Just like the Constitution itself, people all around the globe are discussing the National Constitution Center. Follow us as we take a look at the Center’s appearance in news outlets around the globe last week.
Ninety years ago, exercising their rights for the first time under the Nineteenth Amendment, newly enfranchised females, too, planned to send a signal to politicians. But things haven’t turned out quite the way they hoped.
There must be something very enticing about holding political office, because it seems that there is nothing candidates will not say to get themselves elected.
Anna Clark, a 2010 Fellow of the Peter Jennings Project, is about to go to Kenya on a Fulbright grant where she will teach creative writing to Kenyans and report regularly for the Detroit News. An article in the local Michigan Herald-Palladium detailed her achievement. PJP has asked Anna to post reflections on constitutional issues […]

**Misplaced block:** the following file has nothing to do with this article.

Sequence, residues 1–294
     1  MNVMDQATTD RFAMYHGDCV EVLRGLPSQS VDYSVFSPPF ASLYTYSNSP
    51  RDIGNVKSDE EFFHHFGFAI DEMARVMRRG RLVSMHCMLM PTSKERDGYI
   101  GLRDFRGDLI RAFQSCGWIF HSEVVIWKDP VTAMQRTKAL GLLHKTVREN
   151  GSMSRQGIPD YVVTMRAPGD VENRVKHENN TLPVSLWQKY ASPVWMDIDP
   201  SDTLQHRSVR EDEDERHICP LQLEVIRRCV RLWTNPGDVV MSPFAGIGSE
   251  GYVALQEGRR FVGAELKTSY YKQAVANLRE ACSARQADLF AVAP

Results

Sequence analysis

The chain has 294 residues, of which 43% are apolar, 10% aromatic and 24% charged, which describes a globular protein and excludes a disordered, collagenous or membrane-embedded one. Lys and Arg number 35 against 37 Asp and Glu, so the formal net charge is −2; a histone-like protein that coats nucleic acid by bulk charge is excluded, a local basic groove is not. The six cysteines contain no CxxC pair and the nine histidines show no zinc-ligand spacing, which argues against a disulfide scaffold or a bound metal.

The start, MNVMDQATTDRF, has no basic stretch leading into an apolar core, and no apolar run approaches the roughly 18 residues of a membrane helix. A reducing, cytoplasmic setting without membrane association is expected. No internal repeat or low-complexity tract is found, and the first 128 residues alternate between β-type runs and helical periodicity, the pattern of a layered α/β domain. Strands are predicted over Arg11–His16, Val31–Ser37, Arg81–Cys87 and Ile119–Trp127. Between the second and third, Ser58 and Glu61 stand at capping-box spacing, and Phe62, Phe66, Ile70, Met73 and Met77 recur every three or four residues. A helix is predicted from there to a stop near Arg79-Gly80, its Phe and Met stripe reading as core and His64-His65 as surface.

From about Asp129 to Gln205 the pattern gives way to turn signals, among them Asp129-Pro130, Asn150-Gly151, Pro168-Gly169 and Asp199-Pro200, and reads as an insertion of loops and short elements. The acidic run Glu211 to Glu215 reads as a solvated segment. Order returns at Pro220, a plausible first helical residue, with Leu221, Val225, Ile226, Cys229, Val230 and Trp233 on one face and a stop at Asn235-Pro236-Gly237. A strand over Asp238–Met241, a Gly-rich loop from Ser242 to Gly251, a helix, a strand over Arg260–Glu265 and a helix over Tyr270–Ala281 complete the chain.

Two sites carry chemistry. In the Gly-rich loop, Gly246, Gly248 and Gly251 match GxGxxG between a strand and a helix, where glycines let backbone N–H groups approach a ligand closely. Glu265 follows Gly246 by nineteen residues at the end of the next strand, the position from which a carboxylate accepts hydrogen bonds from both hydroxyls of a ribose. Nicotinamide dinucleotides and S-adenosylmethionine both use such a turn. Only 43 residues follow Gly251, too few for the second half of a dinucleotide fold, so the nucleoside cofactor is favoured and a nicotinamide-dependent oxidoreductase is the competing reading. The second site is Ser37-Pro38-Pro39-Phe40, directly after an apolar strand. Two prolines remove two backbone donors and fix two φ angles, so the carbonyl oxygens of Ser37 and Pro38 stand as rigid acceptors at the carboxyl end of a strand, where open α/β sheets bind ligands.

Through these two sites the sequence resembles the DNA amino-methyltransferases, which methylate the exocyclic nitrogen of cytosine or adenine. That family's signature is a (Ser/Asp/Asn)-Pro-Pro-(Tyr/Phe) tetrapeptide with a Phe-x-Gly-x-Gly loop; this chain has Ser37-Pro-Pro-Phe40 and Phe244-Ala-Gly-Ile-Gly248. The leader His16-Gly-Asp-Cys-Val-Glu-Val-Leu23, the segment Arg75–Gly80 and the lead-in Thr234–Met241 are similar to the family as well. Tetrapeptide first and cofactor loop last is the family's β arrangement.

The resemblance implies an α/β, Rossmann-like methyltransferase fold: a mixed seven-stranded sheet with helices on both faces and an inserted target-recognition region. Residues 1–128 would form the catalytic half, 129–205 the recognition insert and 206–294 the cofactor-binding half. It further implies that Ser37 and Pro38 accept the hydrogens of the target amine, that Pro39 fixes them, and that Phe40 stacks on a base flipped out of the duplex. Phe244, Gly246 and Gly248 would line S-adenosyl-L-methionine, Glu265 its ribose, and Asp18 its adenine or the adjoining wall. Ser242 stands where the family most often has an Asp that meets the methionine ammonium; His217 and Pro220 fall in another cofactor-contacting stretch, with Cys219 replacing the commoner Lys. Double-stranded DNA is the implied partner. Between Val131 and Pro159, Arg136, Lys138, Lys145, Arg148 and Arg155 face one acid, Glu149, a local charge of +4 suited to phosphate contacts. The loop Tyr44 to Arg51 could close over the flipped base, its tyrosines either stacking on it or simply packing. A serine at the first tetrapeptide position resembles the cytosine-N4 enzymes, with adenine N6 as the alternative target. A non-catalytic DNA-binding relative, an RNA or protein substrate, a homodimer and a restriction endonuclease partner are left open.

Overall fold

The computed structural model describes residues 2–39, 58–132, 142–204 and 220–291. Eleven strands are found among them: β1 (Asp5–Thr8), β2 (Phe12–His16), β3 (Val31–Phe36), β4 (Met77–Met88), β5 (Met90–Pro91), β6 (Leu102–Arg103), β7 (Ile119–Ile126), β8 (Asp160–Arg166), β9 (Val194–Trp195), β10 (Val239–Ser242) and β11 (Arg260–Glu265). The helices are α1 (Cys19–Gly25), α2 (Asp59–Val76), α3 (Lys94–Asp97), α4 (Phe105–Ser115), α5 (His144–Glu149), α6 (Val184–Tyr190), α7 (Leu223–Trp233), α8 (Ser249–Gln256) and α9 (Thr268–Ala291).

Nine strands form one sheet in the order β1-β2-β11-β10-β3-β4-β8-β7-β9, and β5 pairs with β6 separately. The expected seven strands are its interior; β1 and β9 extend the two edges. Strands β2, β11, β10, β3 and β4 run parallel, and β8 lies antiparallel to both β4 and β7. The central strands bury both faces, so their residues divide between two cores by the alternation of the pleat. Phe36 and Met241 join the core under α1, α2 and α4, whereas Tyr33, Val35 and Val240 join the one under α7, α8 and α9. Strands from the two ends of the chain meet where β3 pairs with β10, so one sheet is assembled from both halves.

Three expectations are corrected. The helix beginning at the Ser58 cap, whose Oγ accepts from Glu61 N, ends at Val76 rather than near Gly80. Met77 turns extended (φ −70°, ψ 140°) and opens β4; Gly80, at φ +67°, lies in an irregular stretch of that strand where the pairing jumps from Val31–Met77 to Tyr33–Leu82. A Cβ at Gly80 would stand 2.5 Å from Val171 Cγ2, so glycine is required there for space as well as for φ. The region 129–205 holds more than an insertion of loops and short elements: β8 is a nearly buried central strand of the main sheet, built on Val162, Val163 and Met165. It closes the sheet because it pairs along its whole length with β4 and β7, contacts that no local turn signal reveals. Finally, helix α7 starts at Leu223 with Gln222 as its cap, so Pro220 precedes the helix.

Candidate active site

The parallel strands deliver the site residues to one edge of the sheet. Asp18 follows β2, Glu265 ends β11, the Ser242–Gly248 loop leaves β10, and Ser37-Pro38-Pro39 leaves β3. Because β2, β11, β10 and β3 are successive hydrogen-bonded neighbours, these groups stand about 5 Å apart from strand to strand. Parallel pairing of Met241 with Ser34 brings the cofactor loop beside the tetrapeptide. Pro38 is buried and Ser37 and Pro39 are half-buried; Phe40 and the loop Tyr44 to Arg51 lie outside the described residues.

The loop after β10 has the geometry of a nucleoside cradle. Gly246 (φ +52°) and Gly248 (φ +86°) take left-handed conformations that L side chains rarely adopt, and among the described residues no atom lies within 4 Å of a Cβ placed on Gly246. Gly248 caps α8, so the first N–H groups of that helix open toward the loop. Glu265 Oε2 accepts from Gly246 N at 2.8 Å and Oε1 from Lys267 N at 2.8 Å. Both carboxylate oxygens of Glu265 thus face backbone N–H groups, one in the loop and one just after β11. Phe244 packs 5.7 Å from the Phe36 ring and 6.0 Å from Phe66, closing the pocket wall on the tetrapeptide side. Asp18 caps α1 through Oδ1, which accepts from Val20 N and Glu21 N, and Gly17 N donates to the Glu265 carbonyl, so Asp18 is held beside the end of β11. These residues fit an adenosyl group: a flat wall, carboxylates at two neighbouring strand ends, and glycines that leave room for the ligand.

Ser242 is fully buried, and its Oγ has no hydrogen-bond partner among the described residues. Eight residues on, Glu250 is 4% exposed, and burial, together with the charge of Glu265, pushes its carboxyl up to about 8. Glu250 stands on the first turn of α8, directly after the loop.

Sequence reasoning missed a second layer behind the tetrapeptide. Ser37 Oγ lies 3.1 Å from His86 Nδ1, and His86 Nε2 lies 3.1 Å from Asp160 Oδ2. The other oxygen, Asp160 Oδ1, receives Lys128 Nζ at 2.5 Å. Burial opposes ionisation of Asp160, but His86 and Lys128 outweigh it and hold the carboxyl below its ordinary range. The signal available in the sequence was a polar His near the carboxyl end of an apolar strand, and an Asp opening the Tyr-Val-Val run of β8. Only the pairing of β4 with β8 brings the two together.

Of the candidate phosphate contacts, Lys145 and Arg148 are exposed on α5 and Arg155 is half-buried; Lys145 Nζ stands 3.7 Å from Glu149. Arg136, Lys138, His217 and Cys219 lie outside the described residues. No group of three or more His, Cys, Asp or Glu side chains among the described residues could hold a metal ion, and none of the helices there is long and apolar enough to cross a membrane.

Every day the Constitution Newswire selects the most Constitutionally relevant stories on the web. On Wednesdays, Steve Frank will recap the best of the best with links to the actual Constitution.
Is it really good for democracy when every policy difference that divides us becomes a constitutional donnybrook decided by the Supreme Court? Will that help us find better solutions, or only deepen our divisions?
Democrat Joe Sestak of Delaware County and Republican Pat Toomey of the Lehigh Valley will meet face-to-face for their first televised debate at the National Constitution Center.
So, if this is not a legal dispute, what is it? It is a dispute between two groups of private citizens who must work it out for themselves.
Which amendment will be lucky number 28? Here’s a Top 10 list of amendments frequently proposed but never adopted: